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Homer Cummings. Courtesy of the Library of Congress (LC-USZ62-90035).

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Cummings, Homer Stillé (30 April 1870–10 September 1956), attorney, Democratic party leader, and attorney general of the United States, was born in Chicago, Illinois, the son of Uriah C. Cummings, a businessman, and Audie Schuyler Stillé. Educated at the Heathcote School in upstate New York, the Sheffield School of Engineering of Yale University, and the Yale Law School, from which he graduated in 1893, Cummings opened a legal practice in Stamford, Connecticut, soon thereafter and formed a partnership with Charles D. Lockwood that lasted until he joined the ...

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Lowenstein, Allard Kenneth (16 January 1929–14 March 1980), lawyer, congressman, and political agitator, was born Allard Augustus Lowenstein in Newark, New Jersey, the son of Gabriel Abraham Lowenstein, a medical school teacher who turned restaurateur, and Augusta Goldberg. Lowenstein later chose Kenneth to replace Augustus, his given middle name. Only a year old when his mother died he was not told at first that his stepmother was not his birth mother, which he discovered when he was thirteen. In 1945 Lowenstein graduated from Horace Mann School in New York City and four years later graduated from the University of North Carolina. At North Carolina he succeeded in ending the practice of pairing Jewish students as roommates and gained them access to campus fraternities, and when the student state legislature met in Chapel Hill in December 1945 he got a resolution passed opening it up to black participation. Becoming a powerful personality on campus, Lowenstein found a hero and friend in the school’s president, ...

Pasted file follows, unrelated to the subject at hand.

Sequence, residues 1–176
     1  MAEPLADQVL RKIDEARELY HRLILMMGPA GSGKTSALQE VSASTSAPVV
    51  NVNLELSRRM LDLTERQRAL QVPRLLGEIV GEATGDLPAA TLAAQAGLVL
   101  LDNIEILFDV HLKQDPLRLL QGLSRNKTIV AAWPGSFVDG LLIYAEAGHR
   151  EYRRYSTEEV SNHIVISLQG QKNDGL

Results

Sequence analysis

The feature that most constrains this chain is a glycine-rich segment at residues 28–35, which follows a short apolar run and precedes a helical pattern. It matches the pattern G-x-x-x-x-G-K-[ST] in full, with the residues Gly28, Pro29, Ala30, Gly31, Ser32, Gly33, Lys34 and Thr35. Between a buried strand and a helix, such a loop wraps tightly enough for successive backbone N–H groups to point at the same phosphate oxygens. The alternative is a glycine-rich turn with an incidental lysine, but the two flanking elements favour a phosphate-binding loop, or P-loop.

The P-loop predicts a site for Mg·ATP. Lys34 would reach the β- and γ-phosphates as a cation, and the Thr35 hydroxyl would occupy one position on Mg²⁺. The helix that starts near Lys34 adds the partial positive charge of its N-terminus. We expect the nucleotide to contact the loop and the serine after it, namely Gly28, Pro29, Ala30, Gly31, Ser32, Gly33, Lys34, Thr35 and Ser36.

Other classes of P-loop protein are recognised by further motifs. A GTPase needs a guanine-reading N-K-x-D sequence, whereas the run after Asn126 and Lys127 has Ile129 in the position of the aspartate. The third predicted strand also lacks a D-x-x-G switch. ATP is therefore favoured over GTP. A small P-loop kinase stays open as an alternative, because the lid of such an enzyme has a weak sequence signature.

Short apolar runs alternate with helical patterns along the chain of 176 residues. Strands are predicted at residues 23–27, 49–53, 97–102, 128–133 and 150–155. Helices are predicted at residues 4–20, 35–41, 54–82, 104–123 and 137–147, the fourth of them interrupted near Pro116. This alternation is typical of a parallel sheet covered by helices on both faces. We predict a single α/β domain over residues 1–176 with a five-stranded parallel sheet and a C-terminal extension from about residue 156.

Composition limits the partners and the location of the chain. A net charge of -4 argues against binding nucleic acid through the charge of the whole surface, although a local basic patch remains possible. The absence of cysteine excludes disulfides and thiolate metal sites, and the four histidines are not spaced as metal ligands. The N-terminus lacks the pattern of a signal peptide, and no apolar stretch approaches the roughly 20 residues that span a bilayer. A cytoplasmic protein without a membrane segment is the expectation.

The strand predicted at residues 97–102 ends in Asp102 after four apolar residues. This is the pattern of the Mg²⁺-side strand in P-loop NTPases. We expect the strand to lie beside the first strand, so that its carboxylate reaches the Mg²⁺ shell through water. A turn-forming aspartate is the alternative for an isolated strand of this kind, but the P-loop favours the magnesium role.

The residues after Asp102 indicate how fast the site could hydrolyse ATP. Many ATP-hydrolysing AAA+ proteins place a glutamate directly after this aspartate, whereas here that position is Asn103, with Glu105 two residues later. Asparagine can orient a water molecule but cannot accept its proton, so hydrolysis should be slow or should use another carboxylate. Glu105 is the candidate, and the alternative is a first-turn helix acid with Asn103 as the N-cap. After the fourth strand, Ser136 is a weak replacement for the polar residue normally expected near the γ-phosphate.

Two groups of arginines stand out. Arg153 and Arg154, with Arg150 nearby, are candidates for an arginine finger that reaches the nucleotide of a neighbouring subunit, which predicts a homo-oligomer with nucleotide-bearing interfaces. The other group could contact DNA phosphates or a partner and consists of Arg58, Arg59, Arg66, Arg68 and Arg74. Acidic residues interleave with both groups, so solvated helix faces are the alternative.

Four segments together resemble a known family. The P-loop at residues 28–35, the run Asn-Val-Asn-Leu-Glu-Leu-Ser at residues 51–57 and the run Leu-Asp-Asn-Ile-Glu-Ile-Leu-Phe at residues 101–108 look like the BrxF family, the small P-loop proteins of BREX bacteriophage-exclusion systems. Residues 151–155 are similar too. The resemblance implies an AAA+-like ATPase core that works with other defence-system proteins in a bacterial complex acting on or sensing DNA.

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George W. Wickersham Courtesy of the Library of Congress (LC-USZ62-107698).

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Wickersham, George Woodward (19 September 1858–25 January 1936), attorney, Republican party leader, and attorney general of the United States, was born in Pittsburgh, Pennsylvania, the son of Samuel Morris Wickersham, an inventor and businessman, and Elizabeth Cox. Raised by his maternal grandparents in Philadelphia after his mother died in childbirth and his father became absorbed in the iron and steel business, Wickersham grew up in privileged circumstances on the fringes of the city’s social elite. His grandfather, for example, had helped found the Philadelphia Stock Exchange. Wickersham studied civil engineering at Lehigh University in the mid-1870s and caught the eye of one of the city’s leading Republican politicians, ...